Everyone should have a mentor, or at least someone they look up to or can call upon for advice. Some of us are a mentor for others and don’t even know it. It’s been an amazing journey for me since I set my 2017 goal to start blogging regularly. This is coming from a girl who could barely spell properly and whose first 20 blog posts took over an hour to write each time. Then not to mention, I would be exhausted and would want to give up every single time! I had my mentor (Katelyn James) in the back of my head telling me to keep at it, even if it is just your mom and your sister who read it. Eventually, viewers would come. You know what, she was right! My mom and my sister WERE the only ones reading my blog. It was OK for me because if she went through the same and is successful today, I can do it too! It gave me hope. It motivated me to keep going. I’m happy to say I’m in a fantastic place 7 1/2 months later because I believed I could do it, because someone else gave me the motivation and encouragement to keep going. But the kicker is, they don’t even know I exist! Well, not yet anyway!
I will be meeting my mentor later this year for the first time. I have a seat in her upcoming workshop that for the longest time, I felt would be unattainable for me. It was always the workshop I wanted to attend, but I would continue to watch others go to. I’m happy to say because of SO many things I have implemented into our business that we’ve learned through making investments in KJ Education over the past two years, we are THRIVING! I’m now able to afford to be a part of something I never thought would be possible.
The reason I’m telling you this is because I recently read a post from Katelyn about her journey with her new baby Evy. They found out only a few short days ago that she has Hip Dysplasia. When I read that I immediately knew that I had something I could give to HER! How could that ever be possible? After I read the post, I started to tear up and said I have to tell her MY story and MY journey with my little one, and maybe I could encourage her as she’s encouraged me more than I could ever imagine. It’s time for me to give back to her. Hopefully, she reads this, but even if she doesn’t, I hope someone else will find this encouraging in 2 ways. One, to not give up and stick to your goals and 2, maybe there will be a mom out that who is also going through life with their little one with Hip Dysplasia that can see the light at the end of the tunnel.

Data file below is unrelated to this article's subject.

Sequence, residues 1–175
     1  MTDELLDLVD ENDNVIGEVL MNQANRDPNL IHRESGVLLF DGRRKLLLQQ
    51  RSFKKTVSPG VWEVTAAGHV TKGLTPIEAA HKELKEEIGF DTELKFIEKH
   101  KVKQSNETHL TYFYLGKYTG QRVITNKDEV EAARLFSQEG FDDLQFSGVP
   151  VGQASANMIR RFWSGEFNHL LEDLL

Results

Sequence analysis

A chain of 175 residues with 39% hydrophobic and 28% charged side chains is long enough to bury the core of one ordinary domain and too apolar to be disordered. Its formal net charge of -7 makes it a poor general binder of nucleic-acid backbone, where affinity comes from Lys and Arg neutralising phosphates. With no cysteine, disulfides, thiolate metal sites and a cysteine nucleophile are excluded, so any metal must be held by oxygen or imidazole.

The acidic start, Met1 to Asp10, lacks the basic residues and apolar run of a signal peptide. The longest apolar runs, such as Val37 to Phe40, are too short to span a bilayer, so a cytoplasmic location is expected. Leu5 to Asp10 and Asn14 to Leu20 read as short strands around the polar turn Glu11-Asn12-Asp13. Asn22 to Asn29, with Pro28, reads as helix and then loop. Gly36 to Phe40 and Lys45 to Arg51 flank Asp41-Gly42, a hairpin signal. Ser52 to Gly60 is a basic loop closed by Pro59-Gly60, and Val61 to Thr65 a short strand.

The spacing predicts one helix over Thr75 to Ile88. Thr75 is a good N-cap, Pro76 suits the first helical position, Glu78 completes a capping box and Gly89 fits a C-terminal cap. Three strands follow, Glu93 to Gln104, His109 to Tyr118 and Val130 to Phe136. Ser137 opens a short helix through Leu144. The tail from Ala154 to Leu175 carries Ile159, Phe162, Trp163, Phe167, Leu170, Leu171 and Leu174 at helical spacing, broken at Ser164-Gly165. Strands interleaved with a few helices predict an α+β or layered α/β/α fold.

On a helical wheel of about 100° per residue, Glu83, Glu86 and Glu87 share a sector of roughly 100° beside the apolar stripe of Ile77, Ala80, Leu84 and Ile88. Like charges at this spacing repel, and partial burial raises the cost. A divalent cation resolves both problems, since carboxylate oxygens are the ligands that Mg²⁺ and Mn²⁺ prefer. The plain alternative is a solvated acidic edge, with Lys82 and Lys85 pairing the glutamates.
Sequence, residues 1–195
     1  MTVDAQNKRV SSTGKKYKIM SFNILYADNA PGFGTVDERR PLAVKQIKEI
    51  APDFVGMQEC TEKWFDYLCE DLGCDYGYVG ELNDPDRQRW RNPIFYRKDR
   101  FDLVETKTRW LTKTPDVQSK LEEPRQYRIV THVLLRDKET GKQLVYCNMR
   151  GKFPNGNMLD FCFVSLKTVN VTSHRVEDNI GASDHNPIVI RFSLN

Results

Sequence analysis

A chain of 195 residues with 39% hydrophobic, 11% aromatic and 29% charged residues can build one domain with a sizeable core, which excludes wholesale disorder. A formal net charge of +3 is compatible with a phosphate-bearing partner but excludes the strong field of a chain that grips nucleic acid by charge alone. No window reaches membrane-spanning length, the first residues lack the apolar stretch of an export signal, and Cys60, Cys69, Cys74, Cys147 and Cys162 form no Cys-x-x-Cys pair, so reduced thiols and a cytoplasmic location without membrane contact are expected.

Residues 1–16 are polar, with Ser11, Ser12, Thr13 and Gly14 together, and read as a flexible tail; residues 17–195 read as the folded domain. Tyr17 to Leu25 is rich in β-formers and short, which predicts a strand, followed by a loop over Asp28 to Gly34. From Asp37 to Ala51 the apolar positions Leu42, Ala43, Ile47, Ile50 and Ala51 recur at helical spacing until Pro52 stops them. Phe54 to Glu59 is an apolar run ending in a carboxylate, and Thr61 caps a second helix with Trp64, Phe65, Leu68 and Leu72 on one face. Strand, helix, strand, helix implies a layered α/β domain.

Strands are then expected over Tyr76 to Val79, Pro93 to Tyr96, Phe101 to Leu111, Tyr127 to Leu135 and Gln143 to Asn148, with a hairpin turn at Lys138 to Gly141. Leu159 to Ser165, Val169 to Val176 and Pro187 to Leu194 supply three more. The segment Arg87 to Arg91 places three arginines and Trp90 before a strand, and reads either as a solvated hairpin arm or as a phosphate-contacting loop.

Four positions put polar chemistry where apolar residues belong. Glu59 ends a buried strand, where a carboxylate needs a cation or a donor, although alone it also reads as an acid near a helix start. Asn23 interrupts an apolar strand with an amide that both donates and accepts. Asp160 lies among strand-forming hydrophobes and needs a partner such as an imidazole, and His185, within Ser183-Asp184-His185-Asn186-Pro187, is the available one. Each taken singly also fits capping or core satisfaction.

When my son Cash was born, it was the single most happiest day of my life. His father and I had been married for 13 years at the time, and I had been trying to have a baby for well, 13 years. I had gone through three miscarriages and one still-born, so to say I was not paranoid my entire pregnancy was an understatement. I had Ultrasounds 3x per week and was classified as what they call “High Risk.”
Everything was PERFECT this time around. I couldn’t wait to finally meet my new baby, and as every day went by I was more and more reassured that he would be delivered happy and healthy… and he was! On August 15th, 2011 he came into this world and forever changed me as a human being. On our very first check up, Cash was only two days old. Our pediatrician was chatting with us and going through all of her standard procedures. She was looking into his eyes, moving his limbs, and then it happened. She was rotating his hips and stopped the happy chatter. It was quiet. I mean, dead silence that seemed like forever. She began performing the same movement again and called in her assistant to get an immediate appointment with Rady’s Children’s Hospital. I knew something was wrong. I felt sick. My heart dropped. I thought the fears of something being wrong were over. I started to cry and asked what she found. She said she didn’t like the way his hips moved in the socket and that it could very well be hip dysplasia. Although it is very uncommon for boys to have it, we had to go right away for X-rays.
Our trip to San Diego proved that it was indeed Hip Dysplasia and I will never forget what the technician said to me. “You better give your pediatrician a hug for finding this at two days old”. I really didn’t understand what she meant at the time but later learned that finding it that early was a true blessing for us. This lessened the chances for surgery, and possibly he would only have to wear a harness for a few months to a year. Wait… a WHAT?